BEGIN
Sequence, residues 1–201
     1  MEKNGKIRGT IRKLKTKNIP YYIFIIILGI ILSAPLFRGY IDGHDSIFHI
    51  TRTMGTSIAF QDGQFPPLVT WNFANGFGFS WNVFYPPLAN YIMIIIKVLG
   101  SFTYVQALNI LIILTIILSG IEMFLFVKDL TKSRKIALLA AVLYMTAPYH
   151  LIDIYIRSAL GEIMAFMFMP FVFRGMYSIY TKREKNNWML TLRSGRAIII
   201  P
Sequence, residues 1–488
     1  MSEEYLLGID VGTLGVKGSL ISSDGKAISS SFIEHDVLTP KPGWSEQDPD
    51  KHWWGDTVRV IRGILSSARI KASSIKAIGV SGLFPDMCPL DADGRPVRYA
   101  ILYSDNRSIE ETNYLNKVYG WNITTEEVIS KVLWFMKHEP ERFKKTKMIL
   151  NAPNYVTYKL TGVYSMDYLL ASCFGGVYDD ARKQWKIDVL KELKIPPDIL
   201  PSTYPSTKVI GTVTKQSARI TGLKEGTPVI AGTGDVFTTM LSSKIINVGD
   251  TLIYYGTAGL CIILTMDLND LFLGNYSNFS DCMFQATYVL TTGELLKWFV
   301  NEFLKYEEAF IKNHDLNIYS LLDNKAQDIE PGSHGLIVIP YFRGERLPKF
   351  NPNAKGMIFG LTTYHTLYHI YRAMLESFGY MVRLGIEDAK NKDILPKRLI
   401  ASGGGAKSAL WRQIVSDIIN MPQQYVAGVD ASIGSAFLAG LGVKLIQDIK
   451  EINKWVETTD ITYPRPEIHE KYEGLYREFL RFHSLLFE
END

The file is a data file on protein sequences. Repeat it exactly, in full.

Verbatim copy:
Sequence, residues 1–201
     1  MEKNGKIRGT IRKLKTKNIP YYIFIIILGI ILSAPLFRGY IDGHDSIFHI
    51  TRTMGTSIAF QDGQFPPLVT WNFANGFGFS WNVFYPPLAN YIMIIIKVLG
   101  SFTYVQALNI LIILTIILSG IEMFLFVKDL TKSRKIALLA AVLYMTAPYH
   151  LIDIYIRSAL GEIMAFMFMP FVFRGMYSIY TKREKNNWML TLRSGRAIII
   201  P
Sequence, residues 1–488
     1  MSEEYLLGID VGTLGVKGSL ISSDGKAISS SFIEHDVLTP KPGWSEQDPD
    51  KHWWGDTVRV IRGILSSARI KASSIKAIGV SGLFPDMCPL DADGRPVRYA
   101  ILYSDNRSIE ETNYLNKVYG WNITTEEVIS KVLWFMKHEP ERFKKTKMIL
   151  NAPNYVTYKL TGVYSMDYLL ASCFGGVYDD ARKQWKIDVL KELKIPPDIL
   201  PSTYPSTKVI GTVTKQSARI TGLKEGTPVI AGTGDVFTTM LSSKIINVGD
   251  TLIYYGTAGL CIILTMDLND LFLGNYSNFS DCMFQATYVL TTGELLKWFV
   301  NEFLKYEEAF IKNHDLNIYS LLDNKAQDIE PGSHGLIVIP YFRGERLPKF
   351  NPNAKGMIFG LTTYHTLYHI YRAMLESFGY MVRLGIEDAK NKDILPKRLI
   401  ASGGGAKSAL WRQIVSDIIN MPQQYVAGVD ASIGSAFLAG LGVKLIQDIK
   451  EINKWVETTD ITYPRPEIHE KYEGLYREFL RFHSLLFE